Author on the Couch: India Powers and a Cover Reveal!

India PowersThis week on Author on the Couch, I conduct a session with…

India Powers! 


This week we’re doing something a bit special! India is going to reveal the cover for her paranormal historical romance novel DEMON’S BANE! Keep reading to the end see her cover and find out how you could win a copy of her novel!

*But if you’re impatient and can’t wait to see this beautiful cover–>quick scroll down and look, then come right back because you don’t want to miss her interview! Seriously. You don’t want to miss this!



Me: Tell me about an experience that had a profound impact on your life.


India: In a Sociology class in college, I read about a study on the power of authority. It was a long time ago, so my memory might be faulty. The way I recall it, a volunteer had to shock a person in another room every time a wrong answer was given. The more wrong answers, the greater the electrical shocks. I remember that a majority of people obeyed the authority telling them to administer the shocks, even up to the highest and most dangerous levels (it was fake—nobody was actually being shocked, but the volunteer pushing the button didn’t know that).

I realized that without a doubt, I would have been one of the people who would have administered the shocks at continually higher levels. Even though I wouldn’t have thought it was right, I would have still obeyed. It was a shocking thing to realize about myself, that I had so much respect for figures of authority that I would even do something I thought was wrong because of their perceived power. And that scared me profoundly. It made me look at WWII and Hitler’s rise in a different way. I’d never understood how people could follow him. And yet, here I was, realizing I would have bowed down to a much lesser authority. It was a terrifying thing to realize about myself.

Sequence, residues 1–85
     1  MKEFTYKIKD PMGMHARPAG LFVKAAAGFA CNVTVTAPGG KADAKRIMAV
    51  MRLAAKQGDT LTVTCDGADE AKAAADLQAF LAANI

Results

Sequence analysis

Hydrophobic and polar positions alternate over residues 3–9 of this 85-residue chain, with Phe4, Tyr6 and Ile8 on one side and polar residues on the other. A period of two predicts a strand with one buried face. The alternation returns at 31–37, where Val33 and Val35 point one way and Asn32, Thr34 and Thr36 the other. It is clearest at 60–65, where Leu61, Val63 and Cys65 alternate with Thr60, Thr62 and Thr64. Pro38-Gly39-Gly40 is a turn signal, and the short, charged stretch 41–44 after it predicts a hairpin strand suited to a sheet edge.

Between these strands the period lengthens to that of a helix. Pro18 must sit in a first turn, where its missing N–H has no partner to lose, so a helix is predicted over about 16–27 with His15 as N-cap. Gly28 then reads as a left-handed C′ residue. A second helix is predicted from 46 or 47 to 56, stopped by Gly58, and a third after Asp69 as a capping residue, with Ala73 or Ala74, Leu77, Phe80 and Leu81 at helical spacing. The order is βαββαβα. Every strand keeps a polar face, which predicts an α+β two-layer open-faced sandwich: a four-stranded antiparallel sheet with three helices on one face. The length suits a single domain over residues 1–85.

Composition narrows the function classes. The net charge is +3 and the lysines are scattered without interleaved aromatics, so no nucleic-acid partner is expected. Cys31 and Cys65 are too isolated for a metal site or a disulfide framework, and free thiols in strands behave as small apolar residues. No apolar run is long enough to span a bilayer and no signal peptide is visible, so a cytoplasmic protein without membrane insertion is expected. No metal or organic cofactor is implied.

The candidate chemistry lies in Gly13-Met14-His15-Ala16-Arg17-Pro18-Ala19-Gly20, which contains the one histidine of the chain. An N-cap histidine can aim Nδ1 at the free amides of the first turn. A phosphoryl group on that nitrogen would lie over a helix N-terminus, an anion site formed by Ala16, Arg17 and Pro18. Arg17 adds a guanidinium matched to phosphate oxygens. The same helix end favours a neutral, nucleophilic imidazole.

I didn’t know if I could change, but I vowed from that point forward to try, because I hated knowing this about myself. It’s been decades, but I still remember that sharp stab of fear. And yes, I did change. I constantly question and analyze the things I hear and read, and I do research (something I love to do!) to find out the truth. You never know what you would do in a tough situation until you’re in it, but I hope that I’ll never be afraid to stand up and do what is right, regardless of the consequences.


Me: I clearly remember reading about that experiment in my college days too.

What personality trait of yours helps you most as an author?


India: Curiosity—I love to learn! This is great because if there’s a topic that interests me, I’ll research it endlessly until I have a good understanding of it. I’ve read lots of books and taken many courses about writing and the publishing industry. All of this information has been invaluable. It has helped me improve as a writer, but also to understand the various publishing options available and to choose the course I felt was the best fit for me. The downside is that I never just do things. I have to learn as much as I can about them first!


Me: What personality trait of yours hinders you most as an author?


India: The same one that plagues every writer I know—self-doubt.

Last year I heard Susan Elizabeth Phillips speak at Windy City RWA, and I’ll never forget her words when she talked about the doubts every writer, from newbie to multi-bestselling author, has. You think your writing sucks? You think they’ll discover you’re a fraud and your career is over? You think this is the worst thing anybody has ever written and you should just quit now?